Ceçi N’est Pas Un Coup?

Coup or no Coup?

Like in life in general, situations look very different to those living them than they do to simple observers… Understandably, the situation unfolding can be confusing to outsiders, especially considering that in North America Venezuela is often used as a scaremongering example of the ‘worst socialism has to offer’ by capitalist pundits, to the detriment of more nuanced examinations of the political situation. The reality, however, is that the root cause of the crisis in Venezuela is political corruption and a gradual transition towards authoritarianism, which has culminated in the current situation wherein Maduro and Guaidó are caught in a precarious deadlock which hinges on the support of the Venezuelan military and possibly foreign governments.

What’s going on?

To begin, we must first understand that the ruling party of Venezuela– the United Socialist Party of Venezuela– has been in power for years and that President Nicolas Maduro has been in power since 2013. Due in part to increasingly severe financial straits stemming from a crippling dependence on state-controlled oil revenue, the 2015 Venezuelan legislative elections ended in a massive defeat for Maduro. The opposition coalition won 162 seats to Maduro’s party’s 55. In the aftermath of the election, Maduro stated that “The bad guys won, like the bad guys always do, through lies and fraud,” and called himself a “son of Chávez” willing to protect his people. Though evidently his party had been dealt a serious blow, Maduro clung to power and retaliated 2 years later with a constituent national assembly tasked with drafting a new constitution. Maduro accomplished this by activating article 347 of the Venezuelan Constitution, which  outlines the duties of this temporary parliament– namely to revise the Constitution.

Nicolas Maduro has been President of Venezuela since 2013, but his tenure in office has been plagued with economic downturns, widespread dissatisfaction, and protests.

The assembly was intensely controversial, to the point that its opponents called it unconstitutional and at least 100 people were killed in protests and run-ins with police. As a result of the assembly, Maduro consolidated his power. The National Assembly, however, refused to dissolve, which has resulted in some tricky diplomatic situations wherein certain governments exclusively recognize the National Assembly instead of the Constituent Assembly or Maduro’s administration, as legitimate. The situation has only gotten tenser since the 2018 Venezuelan elections, which were considered to be fraudulent for a number of reasons. Additionally, there is little faith in judicial review, as the Venezuelan Supreme Court reportedly acts as “an appendage of the executive branch” according to former Venezuelan Supreme Court Justice Christian Zerpa. Though Zerpa supported Maduro and the Socialist Party in the past, he fled  to the U.S. in early January 2019, where he has spoken out against the 2018 election by stating that  it “was not free and competitive.”   In the wake of the 2018 election, a number of countries severely cut back on their diplomatic ties with Venezuela and implemented sanctions. Maduro is still clinging to power, however, despite severe domestic and international pressure.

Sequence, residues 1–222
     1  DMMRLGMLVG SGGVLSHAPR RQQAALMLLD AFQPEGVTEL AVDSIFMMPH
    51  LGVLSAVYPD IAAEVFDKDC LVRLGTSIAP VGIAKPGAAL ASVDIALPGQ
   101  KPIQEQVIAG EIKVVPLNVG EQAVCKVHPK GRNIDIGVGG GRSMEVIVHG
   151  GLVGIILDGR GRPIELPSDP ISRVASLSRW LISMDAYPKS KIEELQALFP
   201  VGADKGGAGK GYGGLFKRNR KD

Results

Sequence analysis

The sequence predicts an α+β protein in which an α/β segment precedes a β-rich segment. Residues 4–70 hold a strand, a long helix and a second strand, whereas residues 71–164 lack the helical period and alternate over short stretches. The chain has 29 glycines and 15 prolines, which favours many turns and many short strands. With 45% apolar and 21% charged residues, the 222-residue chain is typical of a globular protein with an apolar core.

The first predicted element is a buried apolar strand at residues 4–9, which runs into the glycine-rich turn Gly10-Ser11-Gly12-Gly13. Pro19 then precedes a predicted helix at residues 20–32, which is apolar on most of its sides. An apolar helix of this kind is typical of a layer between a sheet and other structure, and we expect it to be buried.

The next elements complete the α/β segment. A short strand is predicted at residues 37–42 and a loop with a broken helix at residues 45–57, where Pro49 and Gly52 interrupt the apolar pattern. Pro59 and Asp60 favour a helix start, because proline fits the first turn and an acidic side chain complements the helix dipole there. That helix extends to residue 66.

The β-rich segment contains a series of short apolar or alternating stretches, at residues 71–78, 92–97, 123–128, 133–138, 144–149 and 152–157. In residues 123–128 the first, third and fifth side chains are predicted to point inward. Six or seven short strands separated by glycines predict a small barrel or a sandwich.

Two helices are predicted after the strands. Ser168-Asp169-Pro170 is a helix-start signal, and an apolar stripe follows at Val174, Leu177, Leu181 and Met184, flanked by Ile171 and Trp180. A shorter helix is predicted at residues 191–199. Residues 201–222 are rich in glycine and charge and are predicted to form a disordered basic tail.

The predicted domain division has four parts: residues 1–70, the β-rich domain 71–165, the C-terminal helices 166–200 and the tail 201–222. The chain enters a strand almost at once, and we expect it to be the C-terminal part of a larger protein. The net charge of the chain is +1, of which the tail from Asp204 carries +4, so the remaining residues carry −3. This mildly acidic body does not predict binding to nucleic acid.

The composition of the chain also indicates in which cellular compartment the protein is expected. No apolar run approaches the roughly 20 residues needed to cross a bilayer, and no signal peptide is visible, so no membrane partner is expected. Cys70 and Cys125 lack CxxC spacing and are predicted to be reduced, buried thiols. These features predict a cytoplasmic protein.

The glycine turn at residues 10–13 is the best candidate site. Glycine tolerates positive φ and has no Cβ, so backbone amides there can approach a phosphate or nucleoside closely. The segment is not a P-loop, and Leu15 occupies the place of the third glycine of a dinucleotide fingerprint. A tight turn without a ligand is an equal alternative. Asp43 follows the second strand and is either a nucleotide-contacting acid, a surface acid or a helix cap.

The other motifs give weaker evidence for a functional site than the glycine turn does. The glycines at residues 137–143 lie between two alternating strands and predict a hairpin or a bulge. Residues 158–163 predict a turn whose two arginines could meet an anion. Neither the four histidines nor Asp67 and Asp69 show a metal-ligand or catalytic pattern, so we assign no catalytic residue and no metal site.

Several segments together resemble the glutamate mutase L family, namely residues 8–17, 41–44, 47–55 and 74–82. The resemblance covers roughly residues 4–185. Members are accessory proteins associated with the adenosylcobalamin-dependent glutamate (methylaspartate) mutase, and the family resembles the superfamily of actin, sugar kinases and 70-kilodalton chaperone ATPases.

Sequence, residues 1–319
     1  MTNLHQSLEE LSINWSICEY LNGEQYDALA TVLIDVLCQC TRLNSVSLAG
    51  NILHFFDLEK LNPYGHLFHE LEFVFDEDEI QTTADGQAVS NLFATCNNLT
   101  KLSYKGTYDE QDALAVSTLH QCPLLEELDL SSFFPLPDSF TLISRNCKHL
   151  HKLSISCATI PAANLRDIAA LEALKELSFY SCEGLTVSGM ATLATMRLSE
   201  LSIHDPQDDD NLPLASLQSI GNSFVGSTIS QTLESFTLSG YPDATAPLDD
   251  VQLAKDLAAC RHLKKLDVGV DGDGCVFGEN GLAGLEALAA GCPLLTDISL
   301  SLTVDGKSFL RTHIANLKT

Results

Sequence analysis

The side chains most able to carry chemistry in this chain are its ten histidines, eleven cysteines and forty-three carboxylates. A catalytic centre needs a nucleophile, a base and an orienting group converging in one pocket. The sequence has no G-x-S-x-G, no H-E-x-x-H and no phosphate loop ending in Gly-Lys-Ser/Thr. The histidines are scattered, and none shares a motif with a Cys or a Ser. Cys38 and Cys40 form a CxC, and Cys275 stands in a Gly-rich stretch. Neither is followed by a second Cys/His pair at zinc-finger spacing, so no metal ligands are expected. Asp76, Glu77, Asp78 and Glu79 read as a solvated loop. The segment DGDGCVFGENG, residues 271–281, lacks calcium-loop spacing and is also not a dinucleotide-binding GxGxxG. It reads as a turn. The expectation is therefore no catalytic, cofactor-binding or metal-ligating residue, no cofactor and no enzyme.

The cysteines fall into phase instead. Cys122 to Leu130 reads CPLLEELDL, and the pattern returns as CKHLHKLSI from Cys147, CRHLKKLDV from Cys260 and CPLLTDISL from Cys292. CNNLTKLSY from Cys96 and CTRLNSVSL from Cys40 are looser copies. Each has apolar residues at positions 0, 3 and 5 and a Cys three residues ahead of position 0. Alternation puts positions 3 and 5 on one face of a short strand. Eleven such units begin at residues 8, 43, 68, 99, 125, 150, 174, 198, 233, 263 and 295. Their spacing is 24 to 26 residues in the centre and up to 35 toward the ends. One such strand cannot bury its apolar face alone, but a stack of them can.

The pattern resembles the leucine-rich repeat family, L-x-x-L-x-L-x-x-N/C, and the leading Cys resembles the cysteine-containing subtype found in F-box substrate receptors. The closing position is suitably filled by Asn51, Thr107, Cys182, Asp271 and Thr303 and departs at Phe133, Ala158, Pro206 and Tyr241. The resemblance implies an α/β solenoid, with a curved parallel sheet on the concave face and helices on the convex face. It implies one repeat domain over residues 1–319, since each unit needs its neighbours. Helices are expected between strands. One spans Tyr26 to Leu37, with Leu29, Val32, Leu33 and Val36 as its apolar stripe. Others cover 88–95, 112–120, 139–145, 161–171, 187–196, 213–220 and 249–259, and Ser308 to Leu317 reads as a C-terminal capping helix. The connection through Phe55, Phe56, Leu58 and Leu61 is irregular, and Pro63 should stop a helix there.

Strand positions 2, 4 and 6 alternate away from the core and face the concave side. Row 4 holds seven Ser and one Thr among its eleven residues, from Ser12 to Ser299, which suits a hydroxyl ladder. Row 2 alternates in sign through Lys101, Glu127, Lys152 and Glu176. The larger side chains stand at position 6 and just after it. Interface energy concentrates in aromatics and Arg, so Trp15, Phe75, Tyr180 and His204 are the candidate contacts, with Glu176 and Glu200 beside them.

This situation led to the January 21 revolt, in which a number of national guardsmen kidnapped a “captain in charge of a police station” and stole a cache of weapons in a play to oppose the Maduro regime. The plan failed when security forces arrested 25 guardsmen at an outpost and two more elsewhere, though the investigation is still ongoing. Although the soldiers were eventually suppressed, their actions obviously inspired some citizens who took to the streets and even lit a barricade on fire. In the aftermath, a number of videos featuring military figures were posted on social media. One of them featured “a man identifying himself as 3rd Sgt. Alexander Bandres Figueroa,” who used the video to ask his fellow citizens to support the mutiny; “You asked to take to the streets to defend the constitution, well here we are,” “You wanted us to light the fuse, so we did. We need your support,” he added.

Maduro (left) and Guaidó (right) are currently both insisting they are the legitimate president of Venezuela.

Two days after the upheaval of the 21st, opposition leader Juan Guaidó declared himself interim president of Venezuela in front of a crowd of supporters. The news was almost immediately accepted by the United States and Canada, who have long opposed Maduro; Canadian Minister of Foreign Affairs Chrystia Freeland’s stated, “Having seized power through fraudulent and anti-democratic elections held on May 20, 2018, the Maduro regime is now fully entrenched as a dictatorship.” Guaidó, however, remained relatively unknown on the world stage until his explosive rise to prominence on the 23rd. Though the 35-year-old has been heavily involved in politics since his participation in student protests against Chavez years ago, his prominence has been largely domestic.

Things to consider